On this anniversary of the New York Rangers’ last Stanley Cup, it’s easy to heap accolades on the players from that team. In fact, whenever a member of that championship teams ventures into the Garden these days, they are introduced to the crowd to the tune of the “New York Rangers Victory Song.” They range from longtime heroes like Brian Leetch to mercenaries like Glenn Anderson or Craig MacTavish who played all of 12 regular season games along with the playoffs.
On this anniversary of that great day, it’s appropriate to pay some tribute to the unlucky ones. The guys who came thisclose to achieving hockey Nirvāṇa and who ultimately never knew the glory of winning the Cup.
You can be sure that these players still wonder “what if” when it comes to their departure from New York, just before that magnificent Cup run. Most of them can thank Mike Keenan for their fates as “Iron Mike” had his idea of what he needed to win and was able to get General Manager Neil Smith to mortgage the future for the chance to win one Stanley Cup.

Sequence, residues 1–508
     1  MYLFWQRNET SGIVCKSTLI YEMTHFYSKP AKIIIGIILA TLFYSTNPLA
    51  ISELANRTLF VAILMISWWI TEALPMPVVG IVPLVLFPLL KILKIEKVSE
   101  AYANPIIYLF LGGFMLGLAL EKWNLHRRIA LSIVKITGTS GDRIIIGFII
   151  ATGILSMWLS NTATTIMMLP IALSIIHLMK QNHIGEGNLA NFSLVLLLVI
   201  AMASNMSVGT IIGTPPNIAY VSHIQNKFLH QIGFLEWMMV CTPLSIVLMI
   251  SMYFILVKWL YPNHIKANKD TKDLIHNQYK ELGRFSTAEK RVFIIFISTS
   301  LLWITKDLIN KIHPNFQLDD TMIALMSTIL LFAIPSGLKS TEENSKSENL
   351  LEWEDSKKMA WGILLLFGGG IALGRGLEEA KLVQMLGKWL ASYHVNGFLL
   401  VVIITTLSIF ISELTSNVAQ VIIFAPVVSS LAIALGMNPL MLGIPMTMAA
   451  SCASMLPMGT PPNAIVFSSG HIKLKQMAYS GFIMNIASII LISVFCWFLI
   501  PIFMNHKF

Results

There are hockey legends and Hall of Famers in this group and they all share one thing. They were members of the 1993-94 New York Rangers team, but didn’t make it to the playoffs.
Mike Gartner was traded for Glenn Anderson on March 21, 1994. The Blueshirts also got a fourth round draft pick and Scott Malone, but it essence it was the trade of an elite goal scorer who had never tasted playoff success in exchange for a member of the Oilers alumni association who was a prove playoff performer.